By David Minsky
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The U.S. Census tells us there were 1,023 Uruguayans living in Broward in 2000, another 1,829 in Miami, and just 522 in Palm Beach (although the number of Uruguayans living in South Florida had tripled to 10,971 by 2003). The Uruguayan community is the second smallest group of South Americans, just above Paraguayans, living in Florida, where the South American population approaches 23 percent. But then again, Uruguay is a tiny country, wedged like a stray arrowhead in the distended belly of the continent's eastern coastline. It's also one of South America's most stable economies.
With the rhythm of immigrants everywhere, though, Lily and her family have assimilated in America. The elderly sisters speak perfect English into their cell phones, their kids listen to hip-hop in their loaded SUVs, their grandchildren TiVO their favorite shows and post blogs on MySpace. But culinary customs die hard. What you eat in childhood, you crave in old age. Lily's cousin, who has long since given up the butcher trade he plied in Hoboken, still makes his own blood sausages in Florida. Her nephew, Max, ritually prepares and passes around a silver straw embedded in a maté gourd the way other guys his age might share a joint. And the hand-built brick parrilla in the center of her immaculately tended backyard is a point of pride. Lily and Max demonstrate the pulley for me that lifts and positions the heavy iron grate; they show me how the wood coals are piled in the metal basket alongside, and the brick oven with its fancy chimney. "We designed this ourselves and hired Uruguayan brick masons to build it," Lily says.
"It must really be something," I say, "to see this baby fired up and put to use."
Say the word chivito to any Uruguayan and you'll induce moans of pleasure. Lots of cultures have some version of the meat-and-cheese sandwich Philly cheese steaks dripping with onions and Cheez Whiz; cubanos larded with pork and pickles and melted Swiss squeezed between slices of grilled bread; the ploughman's chunks of chuck and cheddar served in British pubs. But for sheer heft and chutzpah, nothing can top a Uruguayan chivito.
You've got to imagine that whoever invented this gargantuan sandwich must have been kidding. Chivito means "little goat," and one origin story goes that a café owner in Punta del Este came up with the notion because he'd run out of the grilled goat meat a customer wanted and tried to pull a fast one with a mix of ham and beef. Another story is simpler: Eat the whole thing and you'll feel like you've swallowed an entire goat hooves, horns, and all. To make a chivito, you keep piling assorted greasy proteins on top of a soft roll until you finally just run out of ideas. The chivito at El Rey del Chivito ("The King of the Chivito") on Collins Avenue in Miami Beach, my favorite, dresses a spongy homemade roll with a layer of thinly pounded steak, tops that with Canadian bacon, tops that with cheese, tops that with two fried eggs, adds sautéed onions, lettuce, and tomato, and sticks a green olive with a toothpick through the top. When you bite into it, gobs of mayonnaise gush out both sides and run down your chin along with steak fat and onion juices if you aim right, dripping down on the plate of fries instead of ruining your shirt. Eating a chivito is a messy, visceral, fattening personal experience. It's one of the few foods I know best eaten solo. Come to think of it, maybe that's why the black-eyed minx at El Rey was indulging her guilty pleasures alone.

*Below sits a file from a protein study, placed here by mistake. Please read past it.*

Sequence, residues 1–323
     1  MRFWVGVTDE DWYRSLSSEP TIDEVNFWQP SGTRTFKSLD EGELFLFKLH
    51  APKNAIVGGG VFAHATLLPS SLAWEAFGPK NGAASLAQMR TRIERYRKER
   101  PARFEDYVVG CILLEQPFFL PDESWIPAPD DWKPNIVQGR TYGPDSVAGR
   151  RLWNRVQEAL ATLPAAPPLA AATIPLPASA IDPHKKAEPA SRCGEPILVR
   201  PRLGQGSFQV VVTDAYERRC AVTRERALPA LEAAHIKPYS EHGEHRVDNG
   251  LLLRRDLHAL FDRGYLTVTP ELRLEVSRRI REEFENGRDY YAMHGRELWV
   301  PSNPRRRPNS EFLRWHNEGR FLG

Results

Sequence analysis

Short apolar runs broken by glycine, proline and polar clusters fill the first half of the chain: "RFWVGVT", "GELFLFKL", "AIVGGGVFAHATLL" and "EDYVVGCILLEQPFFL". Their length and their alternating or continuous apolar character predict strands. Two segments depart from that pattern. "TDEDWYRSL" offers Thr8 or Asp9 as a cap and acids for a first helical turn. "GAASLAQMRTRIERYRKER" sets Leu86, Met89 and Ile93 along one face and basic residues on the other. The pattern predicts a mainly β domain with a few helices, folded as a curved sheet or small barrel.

Zuperpollo on Miami's Coral Way sells a chivito zuper on a French baguette that's even bigger and heavier than the one at El Rey. Its version adds red peppers and mushrooms, and you have to unhinge your jaw like a serpent to get your mouth around it. But the true specialties of the house at Zuperpollo are items Uruguayan owner Jorge Sanchez concocted during the 20 years he's run this restaurant, like the vazio relleno (stuffed flank steak). He invented it to celebrate his head cook's birthday. "I wanted to make something different, not just what the guy had to cook every day," Sanchez says. "So I took a flank steak and cut it open and stuffed the 'glove' with bacon and cheese and parsley. Then I cooked it over a fire, and after it was cooked, I cut it into inch-thick slices, so you could see what was inside, and then finished it in the oven. Everybody loved it, so we put it on the menu."
Uruguayans do not skip lunch. Zuperpollo is packed at 1 p.m., and everybody's eating steaks dressed with big green scoops of fresh chimichurri garlic, oregano, parsley, and olive oil. Sanchez's vazio relleno is right in the spirit of Uruguayan cuisine. And so are the grill offerings on his menu: a mixed parrillada of steak, chicken, sweetbreads, chorizo, blood sausage, and short ribs. Or the flap steak, the top sirloin, the skirt steak, the rolled meat stuffed with vegetables called matambre a la parrilla. Or any of those topped with some combination of bacon, fried eggs, spinach, ham, or cheese.